The city of Lakeland will continue limited spraying to control invasive plants  in lakes even as a temporary moratorium halts the bulk of herbicide use in Lakeland lakes, city commissioners were told this morning.

“We’re concerned that while they (invasive plants) are not being managed, as soon as it gets a little warmer and growing season starts, they’re going to multiply like crazy,” Lakes & Stormwater Manager Laurie Smith said during a commission agenda preview meeting.

Commissioner Phillip Walker had asked her how the city’s lakes would be affected by a Florida Fish and Wildlife Conservation Commission temporary halt on herbicide spraying as it takes comments on the use of using weed-killers such as Roundup.

Most of the spraying in Lakeland’s lakes is done by Polk County under contract with FWC and will stop during the moratorium that’s expected to last two months, she explained.

City crews will continue removing plants that block places where stormwater enters lakes, Smith said. And they will also make sure healthy lake vegetation doesn’t become overgrown.

Commissioner Scott Franklin cautioned against the use of herbicides using glyphosate, a key ingredient in Roundup. As an insurance professional, he said, he is seeing insurers “getting away from anybody who touches Roundup, retailers are pulling it from the shelves” as lawsuits against Monsanto, Roundup’s manufacturer, proliferate.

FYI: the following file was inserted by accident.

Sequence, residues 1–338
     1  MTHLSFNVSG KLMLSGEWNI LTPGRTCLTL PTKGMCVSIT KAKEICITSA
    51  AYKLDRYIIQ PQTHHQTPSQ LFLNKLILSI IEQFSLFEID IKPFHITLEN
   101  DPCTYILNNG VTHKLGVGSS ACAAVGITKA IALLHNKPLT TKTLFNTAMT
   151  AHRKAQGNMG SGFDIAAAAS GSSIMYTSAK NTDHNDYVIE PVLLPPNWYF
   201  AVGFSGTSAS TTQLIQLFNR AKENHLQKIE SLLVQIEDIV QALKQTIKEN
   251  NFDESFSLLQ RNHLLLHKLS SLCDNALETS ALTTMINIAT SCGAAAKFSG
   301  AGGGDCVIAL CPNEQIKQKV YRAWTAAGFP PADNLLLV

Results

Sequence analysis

“We need to figure out a plan to stop using it,” Franklin said. “It has the potential to be another asbestos.”

Smith replied that city staffers use protective equipment when using herbicides and refrains from spraying on windy days.

Click the play arrow to view and hear this morning’s discussion:

Agenda Study & Committees 2019.02.15 from City of Lakeland on Vimeo.

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Barry Friedman founded Lkldnow.com in 2015 as the culmination of a career in print and digital journalism. Since 1982, he has used the tools of reporting, editing and content curation to help people in Lakeland understand their community better.

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1 Comment

  1. There has to be another way to control invasive vegetation in our lakes. They need to look into stocking the lakes with fish that will eat it, that’s what was done at my neighborhood

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